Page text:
Headaches are often a sign of other underlying health problems, but if everyone in your household frequently experiences bad headaches, your AC, furnace or boiler installation may be the culprit. The most common reason for this is carbon monoxide, a normal byproduct of many heating systems.
Normally, carbon monoxide, or CO, from your heat exchanger is directed away from your interior and released through the exhaust vents. When the heat exchanger gets damaged, CO can seep into your home and reach dangerous levels. Here are a few safety tips from our experts at Econoair Heating & Cooling Inc. on how to prevent this problem from occurring.
Schedule regular inspections. Make sure to include your carbon monoxide detector when you call your air conditioner installation technician for seasonal HVAC inspections and tune-ups. If you don’t already have a CO monitor or detector installed, ask your contractor to install one for you. CO is a colorless, odorless gas that’s lighter than air. CO is negligible in small amounts, but when it’s concentrated in an enclosed space like your home it can reach dangerous levels.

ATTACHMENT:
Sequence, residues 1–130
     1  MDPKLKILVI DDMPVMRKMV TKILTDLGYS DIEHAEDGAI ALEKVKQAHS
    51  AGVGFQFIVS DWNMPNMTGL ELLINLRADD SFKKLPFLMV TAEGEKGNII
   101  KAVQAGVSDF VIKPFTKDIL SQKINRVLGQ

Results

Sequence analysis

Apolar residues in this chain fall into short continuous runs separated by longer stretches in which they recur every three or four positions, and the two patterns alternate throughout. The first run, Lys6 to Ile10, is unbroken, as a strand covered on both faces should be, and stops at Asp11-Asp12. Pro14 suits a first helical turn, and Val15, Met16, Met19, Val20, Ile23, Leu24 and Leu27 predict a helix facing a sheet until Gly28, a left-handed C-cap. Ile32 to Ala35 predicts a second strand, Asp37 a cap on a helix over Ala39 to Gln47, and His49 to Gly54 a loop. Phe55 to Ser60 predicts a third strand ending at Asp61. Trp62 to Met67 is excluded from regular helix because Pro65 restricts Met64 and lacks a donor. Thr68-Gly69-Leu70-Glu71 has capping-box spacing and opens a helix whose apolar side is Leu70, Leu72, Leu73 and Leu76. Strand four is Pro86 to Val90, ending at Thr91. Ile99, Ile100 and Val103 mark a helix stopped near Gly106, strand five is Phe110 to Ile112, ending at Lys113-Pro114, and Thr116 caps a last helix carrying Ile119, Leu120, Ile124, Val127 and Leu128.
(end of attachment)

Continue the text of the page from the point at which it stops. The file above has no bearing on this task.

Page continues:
Notice the signs. Because CO is colorless and odorless, it’s important to be familiar with the common symptoms associated with CO poisoning. These include the following:
- Chest pains
Release carbon monoxide outside using your chimney. Homeowners who opt for a ductless installation of their HVAC equipment may choose to direct CO exhaust up their chimney. This is certainly a possible solution, but you should also include regular inspections of your chimney liner to ensure the gas is vented outside and not toward your home. Chimney liners can crack and fail just like your heat exchanger, so you should keep them in good condition at all times.
Keep your home safe from the dangers of carbon monoxide with the help of our professionals at Econoair Heating & Cooling Inc.. Give us a call at 905-763-2400 or fill out our contact form to schedule an inspection appointment or request a free estimate on new HVAC installations today.